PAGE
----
Oil prices soar by about 3 percent as U.S. plans end to Iran sanction waivers


SINGAPORE (Reuters) – Oil prices rallied by about 3 percent on Monday to their highest since late 2018 as the United States was set to announce that all imports of Iranian oil must end or be subject to sanctions.

FILE PHOTO: An oil pump jack pumps oil in a field near Calgary, Alberta, Canada, July 21, 2014. REUTERS/Todd Korol/File Photo

Brent crude futures rose as much as 3.3 percent to $74.31 a barrel, the highest since Nov. 1, before easing back to $73.82 by 0452 GMT, up 2.6 percent from their last close.

U.S. West Texas Intermediate (WTI) crude futures climbed by as much as 2.9 percent to $65.87 per barrel, the most since Oct. 31, and were at $65.38 at 0452 GMT, up 2.6 percent from their last close.

News that the United States is preparing to announce on Monday that current buyers of Iranian oil would no longer be given waivers to current sanctions was first reported on Sunday by Washington Post foreign policy and national security columnist Josh Rogin.

Secretary of State Mike Pompeo will announce “that, as of May 2, the State Department will no longer grant sanctions waivers to any country that is currently importing Iranian crude or condensate”, Rogin said, citing two State Department officials that he did not name.

A person familiar with the situation told Reuters the report was accurate, although a State Department spokesman declined to comment.

In March, Iran was the fourth-largest producer among the Organization of the Petroleum Exporting Countries (OPEC) at 2.75 million barrels per day (bpd) though exports have shrunk to about 1 million bpd since sanctions were reimposed in November.

The U.S. put the sanctions back on Iranian oil exports after President Donald Trump unilaterally pulled out of a 2015 nuclear accord between Iran and six world powers.

Washington, however, granted Iran’s eight main buyers of oil, mostly in Asia, waivers to the sanctions which allowed them limited purchases for six months.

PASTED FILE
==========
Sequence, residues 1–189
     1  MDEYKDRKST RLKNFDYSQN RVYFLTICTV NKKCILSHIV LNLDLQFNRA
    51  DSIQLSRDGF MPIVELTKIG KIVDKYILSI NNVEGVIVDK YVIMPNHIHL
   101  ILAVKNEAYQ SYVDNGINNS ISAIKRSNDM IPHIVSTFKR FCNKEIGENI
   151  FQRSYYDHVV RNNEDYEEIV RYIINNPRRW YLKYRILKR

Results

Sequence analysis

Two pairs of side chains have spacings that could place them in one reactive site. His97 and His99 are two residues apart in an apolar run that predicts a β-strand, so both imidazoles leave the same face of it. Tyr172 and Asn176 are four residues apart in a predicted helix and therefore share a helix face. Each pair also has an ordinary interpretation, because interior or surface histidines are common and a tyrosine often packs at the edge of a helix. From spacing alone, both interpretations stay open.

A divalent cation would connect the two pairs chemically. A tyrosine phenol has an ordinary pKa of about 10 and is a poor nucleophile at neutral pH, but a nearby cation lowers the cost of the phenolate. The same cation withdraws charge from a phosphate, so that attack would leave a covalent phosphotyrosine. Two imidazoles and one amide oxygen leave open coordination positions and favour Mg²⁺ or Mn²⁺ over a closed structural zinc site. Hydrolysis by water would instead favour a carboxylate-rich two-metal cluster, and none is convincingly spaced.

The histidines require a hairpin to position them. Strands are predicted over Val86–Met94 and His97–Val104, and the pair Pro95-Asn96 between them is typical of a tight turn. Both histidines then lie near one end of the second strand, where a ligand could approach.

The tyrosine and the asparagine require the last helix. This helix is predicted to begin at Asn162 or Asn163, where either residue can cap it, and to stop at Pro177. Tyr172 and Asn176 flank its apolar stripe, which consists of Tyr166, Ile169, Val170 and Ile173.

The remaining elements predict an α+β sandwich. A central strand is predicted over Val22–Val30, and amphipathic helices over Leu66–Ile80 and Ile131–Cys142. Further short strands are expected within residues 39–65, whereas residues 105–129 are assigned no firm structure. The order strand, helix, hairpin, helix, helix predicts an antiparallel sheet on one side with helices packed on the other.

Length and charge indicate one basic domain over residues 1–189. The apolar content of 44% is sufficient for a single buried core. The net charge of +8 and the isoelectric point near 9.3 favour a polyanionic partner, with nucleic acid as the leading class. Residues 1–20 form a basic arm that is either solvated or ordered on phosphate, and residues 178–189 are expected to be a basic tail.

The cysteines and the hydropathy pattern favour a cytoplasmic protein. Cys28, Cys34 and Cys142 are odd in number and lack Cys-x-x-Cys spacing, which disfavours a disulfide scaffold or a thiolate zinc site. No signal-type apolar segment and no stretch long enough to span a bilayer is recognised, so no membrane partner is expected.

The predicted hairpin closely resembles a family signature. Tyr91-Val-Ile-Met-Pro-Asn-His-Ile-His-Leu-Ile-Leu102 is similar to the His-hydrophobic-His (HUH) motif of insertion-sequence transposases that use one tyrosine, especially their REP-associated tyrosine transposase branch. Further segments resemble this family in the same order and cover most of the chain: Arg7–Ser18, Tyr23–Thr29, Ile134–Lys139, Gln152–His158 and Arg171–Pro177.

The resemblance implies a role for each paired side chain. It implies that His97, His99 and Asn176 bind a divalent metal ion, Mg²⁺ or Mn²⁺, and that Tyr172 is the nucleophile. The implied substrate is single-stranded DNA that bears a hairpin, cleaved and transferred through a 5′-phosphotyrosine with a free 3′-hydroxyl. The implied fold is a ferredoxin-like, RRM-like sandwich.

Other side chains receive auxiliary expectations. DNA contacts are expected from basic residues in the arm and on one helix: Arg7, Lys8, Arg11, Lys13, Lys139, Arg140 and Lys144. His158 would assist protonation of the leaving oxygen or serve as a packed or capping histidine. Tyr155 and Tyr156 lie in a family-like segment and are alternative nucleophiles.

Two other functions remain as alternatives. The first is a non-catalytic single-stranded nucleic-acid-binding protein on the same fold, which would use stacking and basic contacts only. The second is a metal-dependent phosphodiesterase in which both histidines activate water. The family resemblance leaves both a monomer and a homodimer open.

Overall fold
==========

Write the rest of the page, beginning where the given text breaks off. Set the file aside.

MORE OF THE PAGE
Analysts criticized the end to the exemptions, which would hit Asian buyers the hardest.

“This is not a good policy for Trump,” said Takayuki Nogami, chief economist at Japan Oil, Gas and Metals National Corporation (JOGMEC), adding that “concerns over tightening global oil supply and lower excess production capacity are expected to bolster oil prices higher.”

He added that Brent prices are likely to rise toward $86.29 a barrel, the highest price it reached in 2018, while WTI may climb to $76.41.

Iran’s biggest oil customers are China and India, who have both been lobbying for extensions to sanction waivers.

South Korea is a major buyer of Iranian condensate, an ultra-light form of crude oil on which its refining and petrochemical industry relies heavily.

Removing the sanctions exemptions would reduce oil supply from a market that is already tight because of U.S. sanctions against Iran and fellow OPEC-member Venezuela.

Additionally, OPEC, along with other global oil producers, have already imposed supply cuts since the start of the year aimed at tightening global oil markets and propping up prices.

As a result, Brent prices have risen by more than a third this year, while WTI has climbed more than 40 percent over the same period.

JOGMEC’s Nogami said OPEC’s leading producers “Saudi (Arabia), the United Arab Emirates and Kuwait need to boost output to cover the shortfall.”

(GRAPHIC: Iran crude oil & condensate shipping departures – tmsnrt.rs/2IBQF06)

Reporting by Henning Gloystein in SINGAPORE; additional reporting by Yuka Obayashi in TOKYO; editing by Kenneth Maxwell and Christian Schmollinger



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